난치성 철분결핍빈혈로 발현된 호산구성 위염 1례

난치성 철분결핍빈혈로 발현된 호산구성 위염 1례

Eosinophilic gastritis presenting with intractable iron deficiency anemia in a young boy

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Release Date : 2017. 10. 26(목)
Seongyeon Kang1, Geunmoo Lee1 , Jeana Hong1
Kangwon National University Hospital Department of Pediatrics1
Kangwon Medical University School of Medicine Department of Pediatrics2
강성연1, 이근무1 , 홍지나1
강원대학교병원 소아청소년과1
강원대학교 의학전문대학원 소아과학교실2

Abstract

Introduction: Eosinophilic gastritis (EG) is a very rare disease classified as eosinophilic gastrointestinal disorder (EGID). Unlikely eosinophilic esophagitis, EG in children has not been well documented as a separate disease entity and has mostly been reported as eosinophilic gastroenteritis. Therefore, the clinical features of pediatric EG are not well known. We describe a boy who had been treated for refractory iron deficiency anemia without any evidence of gastrointestinal (GI) blood loss and was finally confirmed to have EG based on endoscopic evaluation. Case: An 8-year-old boy presented to our clinic with a 6-month history of intermittent vomiting. Other than vomiting episodes once or twice a month, he had no other GI symptoms. He had no significant past medical or family history and his physical examination was unremarkable. Laboratory findings were compatible with iron deficiency anemia with negative stool occult blood. After 6 weeks of iron replacement and an H2-receptor antagonist, his anemia persisted, but the vomiting ceased. An additional 3 months of double-dose iron resulted in slight improvement in iron levels. He was brought to the clinic after being lost to follow-up for 2 years, with a recurrence of vomiting once or twice a month, worsening anemia, and a positive stool occult blood test. Esophagogastroduodenoscopy revealed polypoid and nodular mucosal lesions throughout the gastric body, relatively sparing the antrum. The esophageal and duodenal mucosa were relatively unremarkable. Colonoscopy showed no abnormal findings. Histological examination revealed eosinophilic infiltration of the lamina propria with perivascular infiltration confined to the stomach, compatible with the minimum threshold count needed to satisfy the diagnostic criterion for EGID. With the impression of EG without food sensitization, he was treated with prednisone and lansoprazole. At follow-up after completing the course of prednisone, his hemoglobin was stable and his vomiting had completely resolved. Conclusion: A higher index of suspicion for EG is required when a patient has intractable anemia despite the absence of peripheral eosinophilia, atopic history, or definitive GI symptoms. Therefore, we recommend early endoscopic evaluation in patients with unexplained anemia or uncomplicated reflux symptoms.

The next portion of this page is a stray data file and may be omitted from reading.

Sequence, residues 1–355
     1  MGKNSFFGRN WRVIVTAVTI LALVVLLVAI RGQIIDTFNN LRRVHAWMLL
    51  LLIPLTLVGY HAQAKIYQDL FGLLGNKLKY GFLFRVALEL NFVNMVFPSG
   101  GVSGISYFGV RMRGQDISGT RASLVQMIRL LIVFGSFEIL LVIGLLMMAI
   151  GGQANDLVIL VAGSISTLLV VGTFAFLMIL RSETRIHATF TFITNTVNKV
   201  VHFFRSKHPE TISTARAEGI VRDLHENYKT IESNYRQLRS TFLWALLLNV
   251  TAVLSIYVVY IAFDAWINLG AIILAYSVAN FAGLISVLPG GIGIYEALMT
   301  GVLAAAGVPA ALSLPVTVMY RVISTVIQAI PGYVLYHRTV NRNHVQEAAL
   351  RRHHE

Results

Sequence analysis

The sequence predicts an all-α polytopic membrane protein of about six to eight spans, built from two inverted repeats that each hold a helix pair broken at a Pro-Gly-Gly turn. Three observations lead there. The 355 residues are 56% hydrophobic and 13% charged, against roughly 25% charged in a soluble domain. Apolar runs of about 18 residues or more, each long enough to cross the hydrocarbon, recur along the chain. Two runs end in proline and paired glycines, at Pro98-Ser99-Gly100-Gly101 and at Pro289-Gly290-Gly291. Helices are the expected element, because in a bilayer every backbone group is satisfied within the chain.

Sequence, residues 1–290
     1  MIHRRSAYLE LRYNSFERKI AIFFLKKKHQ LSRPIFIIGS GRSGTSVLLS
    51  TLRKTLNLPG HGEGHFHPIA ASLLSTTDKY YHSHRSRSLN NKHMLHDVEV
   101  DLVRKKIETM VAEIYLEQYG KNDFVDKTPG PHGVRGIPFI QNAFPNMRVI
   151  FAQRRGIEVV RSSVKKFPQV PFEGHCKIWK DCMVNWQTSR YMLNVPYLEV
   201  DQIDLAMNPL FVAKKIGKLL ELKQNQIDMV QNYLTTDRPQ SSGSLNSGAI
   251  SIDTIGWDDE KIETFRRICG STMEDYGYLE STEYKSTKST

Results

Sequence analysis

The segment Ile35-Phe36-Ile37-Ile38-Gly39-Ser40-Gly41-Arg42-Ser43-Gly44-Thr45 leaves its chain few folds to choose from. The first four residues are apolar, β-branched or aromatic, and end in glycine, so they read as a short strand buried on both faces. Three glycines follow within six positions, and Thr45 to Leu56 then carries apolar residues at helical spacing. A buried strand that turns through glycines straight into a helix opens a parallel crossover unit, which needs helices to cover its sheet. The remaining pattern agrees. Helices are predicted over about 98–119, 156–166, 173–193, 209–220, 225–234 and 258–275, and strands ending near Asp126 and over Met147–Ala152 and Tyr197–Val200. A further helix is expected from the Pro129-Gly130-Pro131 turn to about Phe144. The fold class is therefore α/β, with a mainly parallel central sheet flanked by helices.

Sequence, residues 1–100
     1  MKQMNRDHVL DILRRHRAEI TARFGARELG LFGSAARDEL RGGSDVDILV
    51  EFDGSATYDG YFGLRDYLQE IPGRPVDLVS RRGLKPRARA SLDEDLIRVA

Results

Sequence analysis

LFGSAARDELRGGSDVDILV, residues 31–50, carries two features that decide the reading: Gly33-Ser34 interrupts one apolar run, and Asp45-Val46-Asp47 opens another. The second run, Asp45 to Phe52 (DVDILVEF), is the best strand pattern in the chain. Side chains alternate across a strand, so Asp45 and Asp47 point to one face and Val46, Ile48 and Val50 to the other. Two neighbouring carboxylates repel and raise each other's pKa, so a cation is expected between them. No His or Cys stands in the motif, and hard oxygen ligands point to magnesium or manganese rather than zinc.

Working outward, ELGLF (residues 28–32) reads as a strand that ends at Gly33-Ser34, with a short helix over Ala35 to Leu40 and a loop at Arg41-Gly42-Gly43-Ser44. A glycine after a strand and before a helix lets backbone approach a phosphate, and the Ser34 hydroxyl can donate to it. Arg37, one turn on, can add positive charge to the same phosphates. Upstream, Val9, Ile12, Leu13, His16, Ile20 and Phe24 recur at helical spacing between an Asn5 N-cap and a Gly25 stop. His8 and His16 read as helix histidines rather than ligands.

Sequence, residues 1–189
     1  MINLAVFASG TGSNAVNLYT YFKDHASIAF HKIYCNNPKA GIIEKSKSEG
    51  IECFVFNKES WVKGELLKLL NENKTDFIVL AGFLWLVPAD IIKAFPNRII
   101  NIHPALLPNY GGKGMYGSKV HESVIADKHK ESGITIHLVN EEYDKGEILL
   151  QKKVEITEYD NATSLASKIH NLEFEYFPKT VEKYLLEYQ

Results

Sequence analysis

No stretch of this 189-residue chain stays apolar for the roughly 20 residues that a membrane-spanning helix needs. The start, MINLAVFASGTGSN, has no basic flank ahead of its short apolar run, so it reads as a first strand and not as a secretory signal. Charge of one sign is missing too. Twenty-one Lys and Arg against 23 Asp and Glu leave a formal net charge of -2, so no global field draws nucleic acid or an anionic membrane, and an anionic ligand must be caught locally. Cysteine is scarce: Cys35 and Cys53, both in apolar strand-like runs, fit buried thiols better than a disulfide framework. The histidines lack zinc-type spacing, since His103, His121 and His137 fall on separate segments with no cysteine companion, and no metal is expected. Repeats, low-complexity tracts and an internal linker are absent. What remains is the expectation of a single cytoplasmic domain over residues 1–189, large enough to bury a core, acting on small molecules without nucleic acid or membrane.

Keywords: Anemia, eosinophil, gastritis